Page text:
Media is growing by the day, and athletes everywhere are being put under more of a microscope every time they suit up. NHL players are no different.
The coverage of the NHL may not be suffocating in the United States, but between the internet, Canadian coverage and the coverage VS, NBC and even ESPN are now providing, some players cannot escape the criticism.
Hockey fans are some of the least forgiving sports fans in the world. One cowardly act, uninspiring performance in a big moment or series of blow opportunities and a player can be firmly planted in the dog house.
This dirty dozen of NHLers knows all too well how harsh the critics can be.
Jumbo Joe has never been able to escape the critics. Since the Bruins drafted Thornton first overall in the 1997 NHL draft, Thornton has been put in the spotlight.
He did not perform in Boston, forcing the Bruins to deal him for pennies on the dollar.
San Jose welcomed the talented center with open arms, and Joe Thornton did not disappoint. However, despite gaudy regular season statistics, Thornton has struggled in the playoffs during his career.
The Sharks' captain had 17 points during the 2011 NHL playoffs, but his lack of hardware and years of underwhelming postseason point totals are still engraved in the fans' minds. Thornton has averaged well under a point per game in his playoff career.
Until he wins a Stanley Cup, Joe Thornton can count on being one of the most heavily criticized players in the NHL.
LeBron James, Tiger Woods and Sidney Crosby.
Players who are dominant in their respective sports have as many seething critics as they do undying supporters. It's just the way it is.
Unfortunately, Crosby has done little to earn his criticism, unlike Tiger and LeBron.
Crosby has been a model player and excellent personality for the NHL. He has brought some excitement to the game of hockey and helped it regain some popularity.
Critics label him a whiner and a diver, but those people are holding onto behavior Crosby displayed as a teenager. He has matured quite a bit since being drafted.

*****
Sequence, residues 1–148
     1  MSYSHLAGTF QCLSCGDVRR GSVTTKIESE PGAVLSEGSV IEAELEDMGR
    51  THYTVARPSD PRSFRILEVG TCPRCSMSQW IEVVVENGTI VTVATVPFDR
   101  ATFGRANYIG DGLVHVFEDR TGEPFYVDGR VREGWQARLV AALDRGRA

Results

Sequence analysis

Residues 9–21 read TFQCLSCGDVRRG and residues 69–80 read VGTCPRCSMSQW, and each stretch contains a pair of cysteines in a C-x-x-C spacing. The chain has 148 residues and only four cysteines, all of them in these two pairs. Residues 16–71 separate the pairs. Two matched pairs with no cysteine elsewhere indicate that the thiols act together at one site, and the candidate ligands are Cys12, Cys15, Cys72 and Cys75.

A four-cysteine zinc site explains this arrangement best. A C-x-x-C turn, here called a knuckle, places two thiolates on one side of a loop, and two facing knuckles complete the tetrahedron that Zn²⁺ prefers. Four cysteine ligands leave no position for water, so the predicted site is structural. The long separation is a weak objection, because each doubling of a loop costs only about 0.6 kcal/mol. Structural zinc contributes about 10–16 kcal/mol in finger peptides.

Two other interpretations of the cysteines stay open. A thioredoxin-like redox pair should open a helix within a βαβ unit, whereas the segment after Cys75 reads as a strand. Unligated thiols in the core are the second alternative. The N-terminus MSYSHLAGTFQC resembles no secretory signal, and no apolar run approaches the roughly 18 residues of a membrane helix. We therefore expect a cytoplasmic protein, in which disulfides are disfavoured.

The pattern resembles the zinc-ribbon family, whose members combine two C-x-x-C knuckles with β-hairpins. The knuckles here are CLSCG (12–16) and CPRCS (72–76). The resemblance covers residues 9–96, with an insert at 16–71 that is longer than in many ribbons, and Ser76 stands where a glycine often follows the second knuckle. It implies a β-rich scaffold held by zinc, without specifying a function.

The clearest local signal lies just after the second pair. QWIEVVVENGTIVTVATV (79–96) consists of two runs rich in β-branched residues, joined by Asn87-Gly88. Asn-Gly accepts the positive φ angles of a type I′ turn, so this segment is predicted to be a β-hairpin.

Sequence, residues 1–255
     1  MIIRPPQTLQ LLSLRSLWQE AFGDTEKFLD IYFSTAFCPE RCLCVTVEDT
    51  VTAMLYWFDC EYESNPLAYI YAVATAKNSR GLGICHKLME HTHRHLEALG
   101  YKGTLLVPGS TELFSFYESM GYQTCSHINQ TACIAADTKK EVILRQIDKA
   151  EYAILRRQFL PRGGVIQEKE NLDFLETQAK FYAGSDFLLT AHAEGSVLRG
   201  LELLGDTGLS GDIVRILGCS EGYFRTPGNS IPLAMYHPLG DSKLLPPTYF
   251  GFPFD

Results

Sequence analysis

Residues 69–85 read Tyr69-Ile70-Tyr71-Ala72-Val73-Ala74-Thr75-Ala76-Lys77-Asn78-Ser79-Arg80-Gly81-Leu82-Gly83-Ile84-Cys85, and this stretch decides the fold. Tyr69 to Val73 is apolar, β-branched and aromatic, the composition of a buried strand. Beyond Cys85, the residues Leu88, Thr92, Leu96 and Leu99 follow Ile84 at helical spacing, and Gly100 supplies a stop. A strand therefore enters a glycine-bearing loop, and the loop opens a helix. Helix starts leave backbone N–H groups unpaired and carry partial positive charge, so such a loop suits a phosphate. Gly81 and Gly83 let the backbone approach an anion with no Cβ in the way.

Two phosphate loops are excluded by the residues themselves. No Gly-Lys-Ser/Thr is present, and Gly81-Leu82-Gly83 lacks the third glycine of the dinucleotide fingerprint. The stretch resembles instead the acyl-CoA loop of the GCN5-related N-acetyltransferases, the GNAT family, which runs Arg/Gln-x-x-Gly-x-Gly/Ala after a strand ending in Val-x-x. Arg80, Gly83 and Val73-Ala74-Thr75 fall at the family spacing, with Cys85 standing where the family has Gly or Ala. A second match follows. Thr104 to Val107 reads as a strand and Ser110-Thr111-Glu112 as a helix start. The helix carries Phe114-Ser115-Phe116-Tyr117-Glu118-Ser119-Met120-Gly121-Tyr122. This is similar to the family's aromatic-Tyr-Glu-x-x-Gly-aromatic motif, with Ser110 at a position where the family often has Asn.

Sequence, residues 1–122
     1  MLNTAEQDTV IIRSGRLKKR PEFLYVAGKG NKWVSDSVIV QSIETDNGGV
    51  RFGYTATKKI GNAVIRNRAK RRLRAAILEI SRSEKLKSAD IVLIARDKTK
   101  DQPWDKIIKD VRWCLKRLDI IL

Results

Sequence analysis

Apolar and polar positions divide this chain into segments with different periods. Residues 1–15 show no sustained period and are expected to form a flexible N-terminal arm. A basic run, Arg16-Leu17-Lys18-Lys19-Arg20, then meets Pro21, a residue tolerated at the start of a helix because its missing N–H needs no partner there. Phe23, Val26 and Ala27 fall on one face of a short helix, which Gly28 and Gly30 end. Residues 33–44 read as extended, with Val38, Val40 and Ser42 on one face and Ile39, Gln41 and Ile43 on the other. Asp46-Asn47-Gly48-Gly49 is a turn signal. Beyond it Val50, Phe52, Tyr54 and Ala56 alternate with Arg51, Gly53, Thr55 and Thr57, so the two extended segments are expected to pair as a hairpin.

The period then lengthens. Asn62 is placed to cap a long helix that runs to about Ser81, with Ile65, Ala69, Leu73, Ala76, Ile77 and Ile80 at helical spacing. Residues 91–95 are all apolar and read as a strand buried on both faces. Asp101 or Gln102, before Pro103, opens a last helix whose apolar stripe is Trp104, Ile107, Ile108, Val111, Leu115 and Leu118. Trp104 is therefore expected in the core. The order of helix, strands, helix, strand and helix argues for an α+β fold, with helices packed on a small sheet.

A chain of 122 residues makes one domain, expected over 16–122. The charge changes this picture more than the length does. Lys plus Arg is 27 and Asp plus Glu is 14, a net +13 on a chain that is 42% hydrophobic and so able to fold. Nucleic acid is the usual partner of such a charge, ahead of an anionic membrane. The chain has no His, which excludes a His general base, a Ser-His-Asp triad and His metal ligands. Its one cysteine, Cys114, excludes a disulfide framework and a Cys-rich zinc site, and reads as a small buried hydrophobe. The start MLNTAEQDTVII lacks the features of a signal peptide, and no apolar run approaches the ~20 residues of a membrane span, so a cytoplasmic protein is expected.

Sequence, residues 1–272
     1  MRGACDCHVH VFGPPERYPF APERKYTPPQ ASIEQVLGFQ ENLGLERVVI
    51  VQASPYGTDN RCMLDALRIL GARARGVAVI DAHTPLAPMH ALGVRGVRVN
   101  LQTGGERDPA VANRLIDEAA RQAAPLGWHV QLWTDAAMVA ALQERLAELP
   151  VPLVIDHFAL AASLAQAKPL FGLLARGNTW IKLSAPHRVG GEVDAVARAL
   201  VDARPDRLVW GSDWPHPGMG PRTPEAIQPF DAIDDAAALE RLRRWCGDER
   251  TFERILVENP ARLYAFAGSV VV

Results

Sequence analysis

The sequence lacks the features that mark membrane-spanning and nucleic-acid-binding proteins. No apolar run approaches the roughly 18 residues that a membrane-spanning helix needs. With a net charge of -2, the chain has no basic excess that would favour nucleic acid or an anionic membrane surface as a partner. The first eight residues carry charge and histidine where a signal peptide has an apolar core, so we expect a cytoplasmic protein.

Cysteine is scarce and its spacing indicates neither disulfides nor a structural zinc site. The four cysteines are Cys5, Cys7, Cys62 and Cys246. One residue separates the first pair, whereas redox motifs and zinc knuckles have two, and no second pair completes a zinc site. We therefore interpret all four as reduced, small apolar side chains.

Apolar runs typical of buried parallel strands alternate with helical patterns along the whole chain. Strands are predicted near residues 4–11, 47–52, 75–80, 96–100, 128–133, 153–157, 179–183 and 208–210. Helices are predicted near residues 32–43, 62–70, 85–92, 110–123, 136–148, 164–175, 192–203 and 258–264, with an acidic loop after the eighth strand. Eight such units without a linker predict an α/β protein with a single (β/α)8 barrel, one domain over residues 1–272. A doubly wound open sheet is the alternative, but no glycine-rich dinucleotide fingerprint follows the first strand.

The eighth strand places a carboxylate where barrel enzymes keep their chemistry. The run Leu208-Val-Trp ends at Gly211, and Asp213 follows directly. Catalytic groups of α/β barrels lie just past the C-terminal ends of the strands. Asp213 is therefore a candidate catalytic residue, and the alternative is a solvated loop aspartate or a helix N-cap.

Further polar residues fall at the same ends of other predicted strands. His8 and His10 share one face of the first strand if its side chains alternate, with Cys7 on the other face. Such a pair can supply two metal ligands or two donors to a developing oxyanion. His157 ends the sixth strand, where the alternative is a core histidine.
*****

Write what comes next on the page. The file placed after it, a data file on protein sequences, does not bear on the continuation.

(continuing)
Mike Green is an easy target for negative attention. He is an offensive dynamo from the point but tends to falter a bit in his own end.
Green improved a bit defensively last season, but his attention to defense in addition to injury problems caused him to put up just 24 points.
Another lingering concern with Mike Green and the entire Washington Capitals team is the inability for them to get it done in the postseason. Year after year, the Caps enter the playoffs as favorites and end up faltering in one of the first few rounds.
Roberto Luongo has become an easy out. The Vancouver Canucks lost? It must have been Luongo's fault? The city of Vancouver is being destroyed by rioters? That must be Big Lou's fault too.
The criticism of Luongo has gotten a bit over the top. Luongo has been nominated for his fair share of Vezina Trophies and has no shortage of accolades to his name.
Of course, Luongo lacks the biggest accolade one can receive, the Stanley Cup. Worse than the fact that Big Lou has not brought Vancouver a Stanley Cup is the fact that he is usually subject to his fair share of blame for the postseason shortcomings.
He does not perform in pressure situations, and unless that changes, the fans are never going to get off his back.
Getting on the bad side of the Philadelphia fanbase is not a difficult thing to do.
Ask Jeff Carter, who piled up 343 points in six seasons with the Flyers but was unable to shed the stigma that he was a soft player and couldn't perform in the postseason.
Philly's view on Carter was not completely unwarranted. He only managed to accumulate 21 postseason points, and while he only missed 31 regular season games in six seasons, Carter always seemed to be banged up come playoff time.
Jeff Carter was a terrific two-way forward during his days as a Flyer. His shot was a weapon that will without a doubt be missed by the team. However, the fans may never appreciate what they had in Jeff Carter.
NHL players often receive abundant amounts of unwarranted criticism. In Sean Avery's case, he does not get hit with criticism that he doesn't deserve.